“We don’t know what we don’t know.” says Jess Weiner at her session “Creating a Culture of Inclusivity.” Jess, as we learned recently, is a purveyor of a simple idea; we have the power to change the perception of how women and girls are perceived in media. But first, we have to be aware that there is an issue. Second, we have to know the solutions. Luckily, we had the chance to see Jess live at the Conference today, and she left us with more than a few ways to tackle this large issue.

Education and Media Literacy

As a culture, we have to accept our responsibility as storytellers. From CEO on down, all of us have a responsibility to tell authentic stories representing the world we live in. Jess harkened a story from working with Barbie. “Barbie was failing the birthday party test.” she said. Parents were apprehensive about buying Barbie for their kids, as eye shapes, textures and shapes were not reflective of them or their child. so Jess implemented what she calls a “Yes and” theory. For example, “Yes, girls love pink, they like to kick around the soccer ball and they also think about running for office one day.”

Earned Communication with Consumers

“Before you want to make a really good marketing campaign, wait until theres real substance behind that.” suggests Jess. “We verge into these faux empowerment programs.” speaking of brands who, with possibly good intentions, use a cultural moment for opportunity rather than a strategic purpose. In other words, this isn’t just about a one-off campaign. In fact, Jess stated she works no less than two years with a client, as it usually takes that amount of time for clients to see any kind of change. But don’t end up like, well, Pepsi. “Being in the moment might get you a clickthrough, but is not serving your demographic to help move forward their lives.”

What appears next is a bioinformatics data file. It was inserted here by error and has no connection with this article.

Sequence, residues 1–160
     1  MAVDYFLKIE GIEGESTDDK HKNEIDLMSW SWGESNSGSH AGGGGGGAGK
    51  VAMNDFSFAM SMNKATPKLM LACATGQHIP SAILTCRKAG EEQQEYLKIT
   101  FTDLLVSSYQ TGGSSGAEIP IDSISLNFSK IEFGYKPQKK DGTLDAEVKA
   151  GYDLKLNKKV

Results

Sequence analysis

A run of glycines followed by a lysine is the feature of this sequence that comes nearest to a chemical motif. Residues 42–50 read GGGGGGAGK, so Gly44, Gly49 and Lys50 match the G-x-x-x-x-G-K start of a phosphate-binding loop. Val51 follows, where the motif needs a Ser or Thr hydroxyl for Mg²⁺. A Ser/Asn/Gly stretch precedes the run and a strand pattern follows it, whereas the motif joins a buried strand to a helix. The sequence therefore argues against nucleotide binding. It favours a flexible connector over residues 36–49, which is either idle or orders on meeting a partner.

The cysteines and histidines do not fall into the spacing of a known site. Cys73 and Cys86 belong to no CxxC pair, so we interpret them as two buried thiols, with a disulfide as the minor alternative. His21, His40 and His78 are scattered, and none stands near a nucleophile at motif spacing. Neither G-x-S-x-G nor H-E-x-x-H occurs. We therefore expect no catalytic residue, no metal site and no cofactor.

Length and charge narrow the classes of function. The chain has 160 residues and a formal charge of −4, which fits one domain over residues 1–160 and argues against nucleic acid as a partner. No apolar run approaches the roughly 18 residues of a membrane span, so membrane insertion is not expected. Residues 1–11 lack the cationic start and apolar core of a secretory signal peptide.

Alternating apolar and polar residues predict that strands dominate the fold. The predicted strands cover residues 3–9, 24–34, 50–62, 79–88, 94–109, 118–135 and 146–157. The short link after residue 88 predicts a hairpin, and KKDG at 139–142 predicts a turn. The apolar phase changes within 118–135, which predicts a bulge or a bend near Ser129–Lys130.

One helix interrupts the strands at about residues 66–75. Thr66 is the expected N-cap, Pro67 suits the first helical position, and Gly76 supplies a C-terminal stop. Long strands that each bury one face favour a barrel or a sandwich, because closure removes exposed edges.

Workforce Development

Jess suggests we work to learn what our biases are - both implicit and explicit - and then work to transform them. But Jess knows this is easier said than done, possibly because of the fear of being ‘found out.’ She says of employees’ fears “What will this signify to my boss or team if I take this Harvard test and look to see where I have weak spots?” The “Harvard test” Jess is speaking of is Project Implicit, whose only goal, according to their website, is to educate the public about hidden biases.

Then, Jess urged the room to “establish your north star.” If companies don’t stand for something, they will fall for anything. Companies must understand what their values are, and see if that aligns not just internally, but with their audience.

Lastly, Jess nudged the audience to consider possibly the most selfless act. “Leverage your privilege and power for another voice.” Often times, it’s not that diverse voices aren’t in the room. It’s that those voices are not empowered in the room. Or, as Jess displayed a quote from Verna Myers on the screen in her closing remarks; “Diversity is being invited to the party and inclusion is being asked to dance.”

It’s clear all of us can take part in making our marketing look more like the world we live in. But first, we’ve got to accept that status quo is not what we want.


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